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5 Reasons to Buy Manulife Financial Corp. and Avoid the Banks

Investors looking to put new money in the financial sector should consider Manulife Financial Corp. (TSX: MFC) (NYSE: MFC) instead of the banks.

Last month I wrote about the challenges Canadian banks will face as they try to maintain earnings growth, and it appears the market is finally getting the message now that the banks are reporting their latest quarterly earnings.

Here are five reasons I think Manulife is a better bet right now.

1. Sector rotation

Investors are running out of options when it comes to finding stocks that protect capital and pay growing dividends. The carnage in the energy sector sent a lot of money into the banks in the past few months but disappointing earnings reports and weak guidance for 2015 by the big five could put a halt to the inflows and possible reverse the trend.

Manulife is an obvious choice as an alternative. The company has a strong wealth management operation and a much lower exposure to Canadian residential mortgages than the banks.

2. Funds under management

Manulife continues to grow its assets under management. In the company’s Q3 2014 earnings statement, Manulife reported it now manages a record $663 billion on behalf of its customers, a 15% year-over-year increase.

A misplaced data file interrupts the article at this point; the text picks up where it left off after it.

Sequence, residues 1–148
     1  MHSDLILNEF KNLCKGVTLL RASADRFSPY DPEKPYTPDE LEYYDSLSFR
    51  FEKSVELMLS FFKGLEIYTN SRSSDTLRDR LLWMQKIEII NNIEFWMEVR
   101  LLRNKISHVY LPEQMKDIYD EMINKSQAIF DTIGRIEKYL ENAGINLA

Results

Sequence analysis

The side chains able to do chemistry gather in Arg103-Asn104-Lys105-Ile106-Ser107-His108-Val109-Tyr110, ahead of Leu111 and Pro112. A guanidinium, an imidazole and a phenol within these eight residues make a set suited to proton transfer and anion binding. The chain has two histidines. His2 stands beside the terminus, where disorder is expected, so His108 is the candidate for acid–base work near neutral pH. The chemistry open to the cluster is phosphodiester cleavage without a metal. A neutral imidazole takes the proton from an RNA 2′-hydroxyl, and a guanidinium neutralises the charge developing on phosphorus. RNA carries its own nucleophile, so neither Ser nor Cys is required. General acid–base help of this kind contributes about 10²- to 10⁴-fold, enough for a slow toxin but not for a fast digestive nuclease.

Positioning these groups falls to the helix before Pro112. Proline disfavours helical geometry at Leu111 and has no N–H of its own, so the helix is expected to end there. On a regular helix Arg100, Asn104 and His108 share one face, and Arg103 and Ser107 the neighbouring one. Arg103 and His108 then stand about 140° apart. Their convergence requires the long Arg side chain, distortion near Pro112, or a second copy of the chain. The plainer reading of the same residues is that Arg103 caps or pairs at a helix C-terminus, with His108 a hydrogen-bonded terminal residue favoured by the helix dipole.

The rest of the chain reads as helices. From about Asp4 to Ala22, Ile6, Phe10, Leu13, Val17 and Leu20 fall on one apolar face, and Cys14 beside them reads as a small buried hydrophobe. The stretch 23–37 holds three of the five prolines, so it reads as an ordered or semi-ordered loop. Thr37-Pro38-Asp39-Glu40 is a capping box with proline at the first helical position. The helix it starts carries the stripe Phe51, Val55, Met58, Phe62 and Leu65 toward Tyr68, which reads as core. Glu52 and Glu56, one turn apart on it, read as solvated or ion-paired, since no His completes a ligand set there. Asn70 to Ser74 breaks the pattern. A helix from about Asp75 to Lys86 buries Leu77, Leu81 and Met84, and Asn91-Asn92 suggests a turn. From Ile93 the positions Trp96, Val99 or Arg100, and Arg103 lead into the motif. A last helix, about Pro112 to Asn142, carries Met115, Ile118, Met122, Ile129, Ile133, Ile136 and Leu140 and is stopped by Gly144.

The recent $4 billion purchase of Standard Life plc’s Canadian assets will add $60 billion to the coffers and give Manulife an instant leadership position in the Quebec market where it has struggled to make headway.

Manulife and Standard Life will also cross-sell products around the globe. This is particulary interesting for Manulife investors because it presents opportunities to penetrate growing markets like India, where Manulife does not currently have a presence.

Manulife’s existing Asian operations continue to grow. In the third quarter, Asian insurance sales rose 46% compared to Q3 2014, hitting a record US$352 million.

3. Solid balance sheet

Manulife has recovered well from the dark days of the Great Recession. The company now boasts a Minimum Continuing Capital and Surplus Requirements Ratio (MCCSR) of 248%, unchanged from a year ago. The minimum required by the Canadian government is 150% for insurers.

The company’s financial leverage ratio continues to improve, dropping to 27.1% in Q3 2014, compared to 32.3% for the same period last year.

4. Dividend growth

After cutting its dividend in half during the financial crisis, Manulife is now retuning more cash to shareholders. The company boosted the dividend by 19% in the second quarter. The current payout of $0.62 per share yields about 2.7%. With the addition of the Standard Life assets and a low payout ratio of just 24%, investors should see another increase in 2015.

5. Cheap valuation

Manulife trades at about 11 times earnings compared to as high as 14.5 times for its peers and 14 for the banks.

The bottom line

The big earnings party at the banks is probably over and that means dividend growth will likely slow in the next few years. At some point, the Canadian housing market will run out of steam. That moment could signal an ugly time for the banks if house prices drop significantly in a short period of time.

Manulife is one place to put money for 2015, but you might want to read the following free report about one other stock that provides solid dividend growth and capital appreciation.

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Fool contributor Andrew Walker has no position in any stocks mentioned.

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